West Side Story

1961

West Side Story (1961)

TOMATOMETER

Critic Consensus: Buoyed by Robert Wise's dazzling direction, Leonard Bernstein's score, and Stephen Sondheim's lyrics, West Side Story remains perhaps the most iconic of all the Shakespeare adaptations to visit the big screen.

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This romantic musical update of 'Romeo and Juliet' won ten Oscars. The tale of a turf war between rival teenage gangs in Manhattan's Hell's Kitchen and the two lovers who cross battle lines has captivated audiences for four decades. The Stephen Sondheim/Leonard Bernstein score is just one of the reasons.

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Critic Reviews for West Side Story

All Critics (65) | Top Critics (11)

Both Miss Wood and Miss Moreno are permitted to work up fine fervors in their acting, and they come through.

Jan 23, 2018 | Full Review…

Natalie Wood, who was made a hit in the Kazan-Inge production of Splendor In the Grass and is the most promising young star of today, gives a fine dramatic performance.

Mar 2, 2015 | Full Review…

West Side Story is a beautifully-mounted, impressive, emotion-ridden and violent musical which, in its stark approach to a raging social problem and realism of unfoldment, may set a pattern for future musical presentations.

Feb 20, 2013 | Full Review…

Special mention, though, should go to Boris Leven's neo-expressionist production design and Daniel L Fapp's forceful cinematography: the crooked angles, pointed shadows and great swashes of red all heighten the mood of rabid fury.

Nov 16, 2011 | Rating: 4/5 | Full Review…
Time Out
Top Critic

Unhappily, the film shares a serious flaw in the essential conception of the show; both are founded on a phony literary analogy and on some potentially vicious pseudo-sociology.

Feb 18, 2009 | Full Review…
TIME Magazine
Top Critic

Decent 1961 adaptation of the Bernstein-Robbins musical, if you can handle Richard Beymer and Natalie Wood in the leads.

Feb 9, 2007 | Full Review…

Audience Reviews for West Side Story

Probably the best musical film I have seen!

Dean King
Dean King

Super Reviewer

A colorful musical version of Romeo and Juliet in the 1960s New York that should always be remembered for Bernstein's great score and its wonderful musical numbers and editing, yet it is hard to overlook the pedestrian dialogue, the corny romance and Beymer miscast as a street gang kid.

Carlos Magalhães
Carlos Magalhães

Super Reviewer

½

The story is Romeo and Juliet set to music. The film's highlights are the music and songs that give resonance to Shakespeare's classic tale and the wonderfully arresting performance by Natalie Wood. What I don't like about the film is the choreography. Set against the rough and tumble backdrop of New York City slums, these dancers are performing balletic and graceful moves the majesty of which belie the film's themes and social and economic realities. In and of themselves, the dances are fun and enticing, but there is a true disconnect between them and the story. Here is a thought that is as yet only a germ in my brain: I find it odd that the white characters' complaints about their environment are social and economic -- big world issues -- whereas the Latinas embrace the social and economic realities of American life. They feel honored to be here despite the racial realities with which they are faced. It is as though the film, in a strain of racism, won't permit its minority characters any reasonable revolt. As I said, I think I need to develop this thought more, but I'm still convinced there's something fishy about this film vis a vis race relations. Overall, it's fun and good, but it's certainly not perfect.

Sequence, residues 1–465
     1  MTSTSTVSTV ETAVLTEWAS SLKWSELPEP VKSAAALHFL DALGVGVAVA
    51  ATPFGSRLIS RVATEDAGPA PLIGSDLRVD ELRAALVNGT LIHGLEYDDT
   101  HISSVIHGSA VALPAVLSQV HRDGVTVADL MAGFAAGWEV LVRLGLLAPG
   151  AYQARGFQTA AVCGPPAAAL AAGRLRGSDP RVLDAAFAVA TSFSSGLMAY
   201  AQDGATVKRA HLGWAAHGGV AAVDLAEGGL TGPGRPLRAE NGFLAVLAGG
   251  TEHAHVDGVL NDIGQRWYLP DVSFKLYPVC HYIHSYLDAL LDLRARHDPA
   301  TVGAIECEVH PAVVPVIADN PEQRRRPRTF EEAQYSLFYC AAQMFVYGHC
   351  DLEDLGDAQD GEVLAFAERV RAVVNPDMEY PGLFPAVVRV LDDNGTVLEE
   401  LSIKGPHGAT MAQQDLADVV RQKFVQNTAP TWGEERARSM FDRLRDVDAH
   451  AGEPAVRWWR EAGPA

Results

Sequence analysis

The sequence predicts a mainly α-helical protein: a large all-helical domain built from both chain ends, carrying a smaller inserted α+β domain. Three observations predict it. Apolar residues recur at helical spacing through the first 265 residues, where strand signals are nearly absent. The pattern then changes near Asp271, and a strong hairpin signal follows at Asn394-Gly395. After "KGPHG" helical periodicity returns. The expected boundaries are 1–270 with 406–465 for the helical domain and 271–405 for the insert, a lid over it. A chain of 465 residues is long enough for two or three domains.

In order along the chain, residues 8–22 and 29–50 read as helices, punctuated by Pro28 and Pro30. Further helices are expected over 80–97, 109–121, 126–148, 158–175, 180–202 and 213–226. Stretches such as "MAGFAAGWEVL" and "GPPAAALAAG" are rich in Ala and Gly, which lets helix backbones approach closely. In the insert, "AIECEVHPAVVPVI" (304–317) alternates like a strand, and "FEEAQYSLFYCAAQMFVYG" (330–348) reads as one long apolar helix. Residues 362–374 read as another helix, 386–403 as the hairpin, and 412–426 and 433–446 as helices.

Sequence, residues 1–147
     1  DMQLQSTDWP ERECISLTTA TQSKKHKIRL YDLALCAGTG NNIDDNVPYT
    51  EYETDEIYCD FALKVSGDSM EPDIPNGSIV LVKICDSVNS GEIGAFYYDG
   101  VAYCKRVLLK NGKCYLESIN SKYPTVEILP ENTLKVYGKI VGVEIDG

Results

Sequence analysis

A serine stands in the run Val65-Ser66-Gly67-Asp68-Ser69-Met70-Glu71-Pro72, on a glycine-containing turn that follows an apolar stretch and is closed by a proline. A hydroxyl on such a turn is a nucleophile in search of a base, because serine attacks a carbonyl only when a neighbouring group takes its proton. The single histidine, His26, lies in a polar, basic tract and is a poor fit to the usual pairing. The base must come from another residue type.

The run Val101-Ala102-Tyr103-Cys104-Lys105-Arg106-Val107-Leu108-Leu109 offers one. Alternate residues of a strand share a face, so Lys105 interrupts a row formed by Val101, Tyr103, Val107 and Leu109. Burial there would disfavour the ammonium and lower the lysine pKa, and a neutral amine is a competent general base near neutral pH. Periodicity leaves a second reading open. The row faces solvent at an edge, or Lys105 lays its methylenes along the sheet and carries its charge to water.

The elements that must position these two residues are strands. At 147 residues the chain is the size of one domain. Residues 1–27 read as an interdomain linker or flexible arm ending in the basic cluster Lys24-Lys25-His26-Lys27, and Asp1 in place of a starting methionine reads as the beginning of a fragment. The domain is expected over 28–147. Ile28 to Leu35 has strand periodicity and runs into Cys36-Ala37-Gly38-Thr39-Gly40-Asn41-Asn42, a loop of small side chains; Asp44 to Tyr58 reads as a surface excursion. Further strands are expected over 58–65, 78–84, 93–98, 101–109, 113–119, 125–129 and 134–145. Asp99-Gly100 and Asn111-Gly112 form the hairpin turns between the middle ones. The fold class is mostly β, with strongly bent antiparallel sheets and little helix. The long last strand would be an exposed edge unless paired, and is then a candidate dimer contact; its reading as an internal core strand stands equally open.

Jim Hunter
Jim Hunter

Super Reviewer

It's a little weird. It's a classic, for sure, but the ballet-dancing, overacting, near-gangbangers are just a bit absurd. Vivid and frenetic choreography and music (with a few oversyncopated atonal hot messes like "Something's Coming" and "A Boy Like That/I Have a Love"), but the Puerto Rican accents sometimes slip, and the "brownface" make-up is disturbingly noticeable, especially in Rita Moreno's case. She, George Chakiris, and even Jose De Vega as Chino are fantastic, but I'm disappointed that the leads, Richard Beymer and Natalie Wood, had to be dubbed by what seemed like professional but deliberately handicapped singers.

Alice Shen
Alice Shen

Super Reviewer

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